James S. Brady Press Briefing Room
2:40 P.M. EDT
MR. GIBBS: Mr. Elliott, take us away.
Q: Thanks, Robert. Hundreds of thousands of people are marching in Tehran today. I know the administration is trying to stay out of the drama going on following the Iranian elections. But is there a point where the President would be comfortable stepping in saying enough is enough? Perhaps a timeline, or numbers of people that have been hurt or injured, or numbers of people in the streets? Is there a threshold?
MR. GIBBS: Well, Phil, our response is -- I think on this has been, from the very beginning, consistent even before the election. I was asked if -- about our candidate of preference. I said that the United States wasn't in the position of picking candidates for President. And I think the President has spoken to, in many ways, the causes and concerns of many that are marching in Iran by demonstrating, one, that he shares their concern and the international concern about the way the election was conducted. Secondly, he believes that there is a universal principle of demonstrating without the fear of harm.
So I think he has expressed on both of those -- in both of those areas concern for the way the election was conducted and concern to ensure that demonstrators can peaceably carry out their demonstrations.
Q: Robert, a follow-up on financial regulation from yesterday. One thing that struck a few observers is the fact that the proposals that came out yesterday did not mention rating and speculation in oil markets. Why not? And is that something that the administration plans to address in a future proposal?
MR. GIBBS: I don't know if it's a part of a future proposal, Jeff. I know that one of the great concerns that drove -- or the great concern that drove the process for financial regulatory reform that was outlined by the President yesterday was ensuring that the causes for the economic catastrophe that we saw over the past many months and the lack of regulation that caused many of those events be remedied to ensure that they don't happen again. That's what drove the creation of the proposal. That's what drove the President to create -- or seek to create an agency that protects consumers and has their best interests in mind. And we are hopeful and we see encouraging words from Congress that this proposal can be gotten through the legislative process this year and signed into law by the President.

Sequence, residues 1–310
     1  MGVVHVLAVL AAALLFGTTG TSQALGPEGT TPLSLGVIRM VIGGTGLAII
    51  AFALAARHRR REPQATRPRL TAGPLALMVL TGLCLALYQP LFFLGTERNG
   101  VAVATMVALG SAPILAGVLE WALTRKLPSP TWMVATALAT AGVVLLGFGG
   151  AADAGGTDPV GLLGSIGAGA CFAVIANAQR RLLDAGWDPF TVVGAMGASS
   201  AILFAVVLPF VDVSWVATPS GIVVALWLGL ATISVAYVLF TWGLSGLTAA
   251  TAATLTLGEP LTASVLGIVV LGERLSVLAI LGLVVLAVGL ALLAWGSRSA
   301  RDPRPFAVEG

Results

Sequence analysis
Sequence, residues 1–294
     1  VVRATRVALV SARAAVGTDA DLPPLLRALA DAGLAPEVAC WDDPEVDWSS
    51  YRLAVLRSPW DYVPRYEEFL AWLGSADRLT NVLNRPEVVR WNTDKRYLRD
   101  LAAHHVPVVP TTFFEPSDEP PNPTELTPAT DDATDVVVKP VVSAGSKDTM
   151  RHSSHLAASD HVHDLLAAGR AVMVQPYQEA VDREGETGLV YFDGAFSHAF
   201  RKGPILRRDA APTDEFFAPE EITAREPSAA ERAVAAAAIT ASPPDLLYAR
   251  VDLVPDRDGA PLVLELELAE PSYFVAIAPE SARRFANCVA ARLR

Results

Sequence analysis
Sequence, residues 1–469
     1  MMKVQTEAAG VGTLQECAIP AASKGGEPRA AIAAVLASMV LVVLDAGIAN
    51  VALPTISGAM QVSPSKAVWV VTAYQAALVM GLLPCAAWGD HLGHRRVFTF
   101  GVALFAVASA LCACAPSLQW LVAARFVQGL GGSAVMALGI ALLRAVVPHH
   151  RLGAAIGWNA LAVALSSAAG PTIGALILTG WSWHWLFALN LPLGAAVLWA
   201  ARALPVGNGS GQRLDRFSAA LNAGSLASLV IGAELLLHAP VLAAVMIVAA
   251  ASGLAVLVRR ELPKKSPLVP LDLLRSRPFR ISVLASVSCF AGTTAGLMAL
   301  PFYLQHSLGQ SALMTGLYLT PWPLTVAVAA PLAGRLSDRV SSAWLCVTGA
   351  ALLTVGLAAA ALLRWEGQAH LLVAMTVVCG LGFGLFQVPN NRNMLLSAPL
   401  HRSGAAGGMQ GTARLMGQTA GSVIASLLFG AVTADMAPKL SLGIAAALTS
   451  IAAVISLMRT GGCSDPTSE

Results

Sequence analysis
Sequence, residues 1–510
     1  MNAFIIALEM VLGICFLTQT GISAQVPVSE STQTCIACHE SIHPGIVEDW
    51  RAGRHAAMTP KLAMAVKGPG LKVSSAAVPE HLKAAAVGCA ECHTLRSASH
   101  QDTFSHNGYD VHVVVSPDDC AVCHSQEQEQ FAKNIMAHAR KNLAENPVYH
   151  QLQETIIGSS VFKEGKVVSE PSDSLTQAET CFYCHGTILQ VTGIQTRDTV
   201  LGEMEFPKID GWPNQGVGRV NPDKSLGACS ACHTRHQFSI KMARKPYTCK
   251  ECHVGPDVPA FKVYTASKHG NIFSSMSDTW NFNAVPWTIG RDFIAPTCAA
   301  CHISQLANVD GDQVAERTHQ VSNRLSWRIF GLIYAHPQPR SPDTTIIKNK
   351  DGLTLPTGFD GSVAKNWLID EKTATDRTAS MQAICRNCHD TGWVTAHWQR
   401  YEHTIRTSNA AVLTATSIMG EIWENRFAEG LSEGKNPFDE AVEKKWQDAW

Now, that having been said, I don't doubt, and you see it in reports today, very organized, very powerful special interests that will oppose the creation of the consumer agency or different aspects of the proposal. But the President intends to fight for each and every one of those.
Q: But energy speculation is certainly something that the President as a candidate expressed concern about.
MR. GIBBS: Right.
Q: Are you still concerned about speculation in the oil markets, and will there be something to address that?
MR. GIBBS: I don't think the President's concern has changed. I think yesterday's thrust was to ensure that what had gotten us into this mess over the past many, many months -- and, remember, this speech dates back to one of the -- a speech that the President gave that wasn't altogether noticed a lot in September of 2007 on Wall Street, and that we had to take steps to ensure that this never happened again. And that was the thrust of what was going on yesterday.
Q: We've talked about th ...
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